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Pearl Harbor, By Robinson Jeffers

I

Here are the fireworks. The men who conspired

and labored

To embroil this republic in the wreck of Europe

have got their bargain--

And a bushel more. As for me, what can I do but

fly the national flag from the top of the

tower?

America has neither race nor religion nor its own language: nation or nothing.

Stare, little tower,

Confidently across the Pacific, the flag on your

head. I built you at the other war’s end,

And the sick peace; I based you on living rock,

granite on granite; I said, “Look, you gray

stones:

Civilization is sick: stand awhile and be quiet

and drink the sea-wind, you will survive

Civilization.”

But now I am old, and O stones

be modest. Look, little tower:

This dust blowing is only the British Empire;

these torn leaves flying

Are only Europe; the wind is the plane-

propellers; the smoke is Tokyo. The child

with the butchered throat

Was too young to be named. Look no farther

ahead.

II

The war that we have carefully for years

provoked

Catches us unprepared, amazed and indignant.

Our warships are shot

Like sitting ducks and our planes like nest-birds,

both our coasts ridiculously panicked,

And our leaders make orations. This is the

people

That hopes to impose on the whole planetary

world

An American peace.

(Oh, we’ll not lose our war: my

money on amazed Gulliver

And his horse-pistols.)

Meanwhile our prudent officers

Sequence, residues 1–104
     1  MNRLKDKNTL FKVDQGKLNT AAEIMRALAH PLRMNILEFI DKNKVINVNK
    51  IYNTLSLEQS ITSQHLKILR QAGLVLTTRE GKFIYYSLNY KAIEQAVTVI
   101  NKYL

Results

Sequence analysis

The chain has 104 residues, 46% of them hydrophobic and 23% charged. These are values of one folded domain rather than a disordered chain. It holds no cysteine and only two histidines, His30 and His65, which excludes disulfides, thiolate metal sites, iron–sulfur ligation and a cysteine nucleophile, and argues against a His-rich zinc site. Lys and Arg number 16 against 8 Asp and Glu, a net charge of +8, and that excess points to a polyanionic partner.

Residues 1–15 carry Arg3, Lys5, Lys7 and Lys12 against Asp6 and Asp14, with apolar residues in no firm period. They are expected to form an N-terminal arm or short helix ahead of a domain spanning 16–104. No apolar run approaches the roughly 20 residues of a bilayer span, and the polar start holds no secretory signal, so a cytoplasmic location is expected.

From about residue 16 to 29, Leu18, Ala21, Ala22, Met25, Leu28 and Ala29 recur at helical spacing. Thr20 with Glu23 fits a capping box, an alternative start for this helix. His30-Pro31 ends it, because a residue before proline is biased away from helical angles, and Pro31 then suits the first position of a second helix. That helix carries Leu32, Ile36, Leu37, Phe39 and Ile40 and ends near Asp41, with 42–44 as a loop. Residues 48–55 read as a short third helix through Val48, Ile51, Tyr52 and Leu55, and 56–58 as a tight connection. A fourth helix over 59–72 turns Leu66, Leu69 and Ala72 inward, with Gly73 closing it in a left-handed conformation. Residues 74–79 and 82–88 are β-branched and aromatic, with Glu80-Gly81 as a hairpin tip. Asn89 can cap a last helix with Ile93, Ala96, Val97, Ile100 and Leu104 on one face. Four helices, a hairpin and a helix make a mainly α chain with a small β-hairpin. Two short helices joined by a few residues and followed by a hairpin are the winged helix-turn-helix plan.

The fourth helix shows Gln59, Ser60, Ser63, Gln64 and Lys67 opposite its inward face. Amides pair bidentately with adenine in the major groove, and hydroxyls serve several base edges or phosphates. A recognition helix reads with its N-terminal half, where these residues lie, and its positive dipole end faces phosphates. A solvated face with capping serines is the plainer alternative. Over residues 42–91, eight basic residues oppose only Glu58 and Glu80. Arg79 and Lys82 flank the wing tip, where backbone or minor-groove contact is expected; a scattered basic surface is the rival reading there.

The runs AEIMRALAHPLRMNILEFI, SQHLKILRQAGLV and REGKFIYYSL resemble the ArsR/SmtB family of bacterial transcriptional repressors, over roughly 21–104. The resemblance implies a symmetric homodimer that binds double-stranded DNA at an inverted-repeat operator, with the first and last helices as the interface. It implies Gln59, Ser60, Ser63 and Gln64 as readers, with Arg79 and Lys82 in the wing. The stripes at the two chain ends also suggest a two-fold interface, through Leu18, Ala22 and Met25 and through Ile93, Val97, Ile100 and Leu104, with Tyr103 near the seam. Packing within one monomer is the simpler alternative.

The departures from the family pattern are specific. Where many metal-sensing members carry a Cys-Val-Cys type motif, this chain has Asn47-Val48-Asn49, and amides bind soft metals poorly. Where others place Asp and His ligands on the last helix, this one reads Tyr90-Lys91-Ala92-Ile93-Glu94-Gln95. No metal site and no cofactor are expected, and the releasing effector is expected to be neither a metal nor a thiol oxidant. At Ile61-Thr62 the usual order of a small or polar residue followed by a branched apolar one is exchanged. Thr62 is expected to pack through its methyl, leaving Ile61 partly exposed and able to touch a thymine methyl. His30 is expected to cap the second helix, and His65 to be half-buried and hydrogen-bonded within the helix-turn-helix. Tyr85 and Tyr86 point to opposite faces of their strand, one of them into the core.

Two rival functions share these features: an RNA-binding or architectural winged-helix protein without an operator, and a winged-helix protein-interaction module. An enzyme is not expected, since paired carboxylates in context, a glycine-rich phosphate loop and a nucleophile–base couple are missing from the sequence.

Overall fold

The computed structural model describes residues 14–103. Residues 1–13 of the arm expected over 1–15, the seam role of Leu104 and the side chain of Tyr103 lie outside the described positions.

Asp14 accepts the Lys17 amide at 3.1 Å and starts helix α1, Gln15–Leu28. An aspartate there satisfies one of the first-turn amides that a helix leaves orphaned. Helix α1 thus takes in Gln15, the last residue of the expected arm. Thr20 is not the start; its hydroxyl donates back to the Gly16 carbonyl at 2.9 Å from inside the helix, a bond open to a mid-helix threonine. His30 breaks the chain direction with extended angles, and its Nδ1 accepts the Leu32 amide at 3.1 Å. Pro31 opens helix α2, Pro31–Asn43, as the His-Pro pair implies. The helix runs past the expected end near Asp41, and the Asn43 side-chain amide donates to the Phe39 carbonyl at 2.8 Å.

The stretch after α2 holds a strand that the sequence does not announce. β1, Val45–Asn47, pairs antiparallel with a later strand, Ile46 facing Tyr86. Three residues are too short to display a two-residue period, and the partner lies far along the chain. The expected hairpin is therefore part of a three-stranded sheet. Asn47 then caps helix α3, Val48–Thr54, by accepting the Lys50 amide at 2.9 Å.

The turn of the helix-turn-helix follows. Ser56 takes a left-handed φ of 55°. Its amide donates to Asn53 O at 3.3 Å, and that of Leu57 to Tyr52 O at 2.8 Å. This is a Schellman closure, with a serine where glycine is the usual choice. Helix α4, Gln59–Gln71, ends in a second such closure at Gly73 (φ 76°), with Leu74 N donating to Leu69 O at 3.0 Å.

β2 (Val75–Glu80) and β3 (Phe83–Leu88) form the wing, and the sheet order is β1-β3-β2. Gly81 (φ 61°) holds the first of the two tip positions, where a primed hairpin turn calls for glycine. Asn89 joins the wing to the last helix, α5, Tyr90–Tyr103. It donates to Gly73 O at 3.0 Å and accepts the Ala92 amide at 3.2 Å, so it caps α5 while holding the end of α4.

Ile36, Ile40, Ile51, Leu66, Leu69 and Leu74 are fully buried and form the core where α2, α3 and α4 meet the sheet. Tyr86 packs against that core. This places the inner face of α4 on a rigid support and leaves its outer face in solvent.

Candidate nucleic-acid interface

Have cleared the coast-long ocean of ships and

fishingcraft, the sky of planes, the windows of

light: these

clearings

Make a great beauty. Watch the wide sea; there

is nothing human; its gulls have it. Watch the wide sky

All day clean of machines; only at dawn and

dusk one military hawk passes

High on patrol. Walk at night in the black-out,

The firefly lights that used to line the long shore

Are all struck dumb; shut are the shops,

mouse-dark the houses. Here the prehuman

dignity of night

Stands, as it was before and will be again.

O beautiful

darkness and silence, the two eyes that see God;

great staring eyes.

From “Articles of War,” edited by Leon Stokesbury, introduction by Paul Fussell (University of Arkansas Press: $24.95 cloth; $12.95 paper; 256 pp.). Robinson Jeffers (1887-1962), who lived and worked near Carmel, was one of the few poets to oppose the U.S.’ entrance into World War II.

1977 by the Liveright Publishing Corporation. Reprinted by permission of the University of Arkansas Press.


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